Following the American Civil War Sesquicentennial with day by day writings of the time, currently 1863.

Lebanon, Ky., June 1st, 1863.

I have been home on furlough, and am on my way to rejoin my regiment. I reached Louisville last night at midnight, and stayed at the Soldiers’ Home until morning. Charles Groesbeck came with me from Detroit, and we found two more of our boys and our Chaplain here, waiting to take cars this morning.

We have a good “drive” on our drum major. He reached Louisville on Friday and reported to the post commander for a pass to his regiment. The Colonel gave him a pass, all right, but to his utter dismay and disgust sent him to the barrack, kept him there until this morning, then sent him to Lebanon under guard. Charlie and I did not report, and came through like free men.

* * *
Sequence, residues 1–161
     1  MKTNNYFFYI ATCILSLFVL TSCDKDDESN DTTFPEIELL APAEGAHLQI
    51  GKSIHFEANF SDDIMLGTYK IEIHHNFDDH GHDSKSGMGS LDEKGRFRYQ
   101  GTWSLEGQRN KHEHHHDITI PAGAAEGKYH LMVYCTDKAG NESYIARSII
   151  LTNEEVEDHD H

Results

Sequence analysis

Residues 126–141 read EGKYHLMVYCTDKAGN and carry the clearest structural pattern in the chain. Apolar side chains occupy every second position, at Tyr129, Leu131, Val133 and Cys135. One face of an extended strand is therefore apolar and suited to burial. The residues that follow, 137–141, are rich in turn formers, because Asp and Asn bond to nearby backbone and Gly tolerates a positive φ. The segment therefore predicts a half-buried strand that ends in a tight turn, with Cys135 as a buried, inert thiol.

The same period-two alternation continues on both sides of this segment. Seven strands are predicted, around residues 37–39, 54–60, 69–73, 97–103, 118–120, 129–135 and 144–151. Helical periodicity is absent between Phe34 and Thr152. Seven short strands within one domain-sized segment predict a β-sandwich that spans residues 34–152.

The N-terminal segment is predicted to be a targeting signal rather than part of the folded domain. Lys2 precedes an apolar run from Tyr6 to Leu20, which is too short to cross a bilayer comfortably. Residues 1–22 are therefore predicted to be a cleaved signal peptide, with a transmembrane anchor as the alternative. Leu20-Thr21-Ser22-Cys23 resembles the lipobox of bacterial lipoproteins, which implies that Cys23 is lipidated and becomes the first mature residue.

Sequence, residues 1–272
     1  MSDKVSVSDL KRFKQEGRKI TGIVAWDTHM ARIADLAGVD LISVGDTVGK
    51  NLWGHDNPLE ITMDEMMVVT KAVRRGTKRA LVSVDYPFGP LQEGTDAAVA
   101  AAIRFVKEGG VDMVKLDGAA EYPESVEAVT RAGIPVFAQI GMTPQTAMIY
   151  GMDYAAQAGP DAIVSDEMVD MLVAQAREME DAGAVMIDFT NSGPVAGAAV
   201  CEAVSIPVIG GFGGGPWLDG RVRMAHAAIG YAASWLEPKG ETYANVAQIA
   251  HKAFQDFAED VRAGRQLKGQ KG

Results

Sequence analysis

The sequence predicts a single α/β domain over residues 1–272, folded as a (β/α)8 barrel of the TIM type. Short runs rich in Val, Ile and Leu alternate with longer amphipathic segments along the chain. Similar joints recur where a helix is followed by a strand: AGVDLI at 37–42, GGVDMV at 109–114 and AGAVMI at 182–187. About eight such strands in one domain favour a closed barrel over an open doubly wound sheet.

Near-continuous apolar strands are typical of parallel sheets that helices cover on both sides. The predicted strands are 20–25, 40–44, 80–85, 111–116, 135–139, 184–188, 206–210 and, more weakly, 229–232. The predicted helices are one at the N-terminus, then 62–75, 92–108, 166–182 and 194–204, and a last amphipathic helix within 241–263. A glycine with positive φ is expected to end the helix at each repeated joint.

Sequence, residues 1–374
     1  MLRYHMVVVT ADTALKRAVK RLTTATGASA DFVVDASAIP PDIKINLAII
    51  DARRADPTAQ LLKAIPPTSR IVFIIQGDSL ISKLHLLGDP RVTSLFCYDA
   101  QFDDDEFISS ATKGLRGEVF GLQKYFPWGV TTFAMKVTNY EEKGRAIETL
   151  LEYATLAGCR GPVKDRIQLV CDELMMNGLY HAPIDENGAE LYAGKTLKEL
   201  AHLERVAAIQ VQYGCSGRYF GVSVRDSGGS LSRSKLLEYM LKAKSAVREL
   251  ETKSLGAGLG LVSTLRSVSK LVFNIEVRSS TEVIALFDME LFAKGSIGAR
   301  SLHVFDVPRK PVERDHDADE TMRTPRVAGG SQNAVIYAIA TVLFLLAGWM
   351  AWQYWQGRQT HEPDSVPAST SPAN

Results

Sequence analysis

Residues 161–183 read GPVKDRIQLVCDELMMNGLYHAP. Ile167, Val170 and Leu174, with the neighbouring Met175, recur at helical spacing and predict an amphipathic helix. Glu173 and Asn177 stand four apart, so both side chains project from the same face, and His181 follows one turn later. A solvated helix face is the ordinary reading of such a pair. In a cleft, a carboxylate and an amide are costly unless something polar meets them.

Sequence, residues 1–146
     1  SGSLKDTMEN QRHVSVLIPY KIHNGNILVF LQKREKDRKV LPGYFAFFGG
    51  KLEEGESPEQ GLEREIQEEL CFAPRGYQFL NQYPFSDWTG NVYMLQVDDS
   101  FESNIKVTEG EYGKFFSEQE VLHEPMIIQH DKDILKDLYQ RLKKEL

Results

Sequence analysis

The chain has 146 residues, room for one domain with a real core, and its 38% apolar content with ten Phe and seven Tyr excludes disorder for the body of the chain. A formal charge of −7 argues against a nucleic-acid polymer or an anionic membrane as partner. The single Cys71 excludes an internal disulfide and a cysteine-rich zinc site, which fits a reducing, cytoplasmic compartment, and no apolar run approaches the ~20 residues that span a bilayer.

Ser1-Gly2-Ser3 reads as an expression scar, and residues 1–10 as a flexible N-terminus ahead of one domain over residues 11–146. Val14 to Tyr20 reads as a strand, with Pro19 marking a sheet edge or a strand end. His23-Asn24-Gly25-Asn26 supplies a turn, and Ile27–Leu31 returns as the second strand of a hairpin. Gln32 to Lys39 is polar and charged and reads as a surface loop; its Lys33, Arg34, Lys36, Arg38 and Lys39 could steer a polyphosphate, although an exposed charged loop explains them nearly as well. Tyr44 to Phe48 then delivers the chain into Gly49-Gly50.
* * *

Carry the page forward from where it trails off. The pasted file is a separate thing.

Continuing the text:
We have a march of sixty miles before us, but a wagon train is going out, and we may get our baggage carried part of the way.

We left Lebanon at three o’clock and walked ten miles. Next morning at three o’clock we were again on the road, intending to make Columbia, but, a heavy rain setting in, we took possession of a bam about four miles out and stayed until morning. We had walked twenty miles and carried our baggage, and were ready to walk eighteen in the afternoon, which is the distance from this place to Jamestown, where we expect to overtake the regiment.

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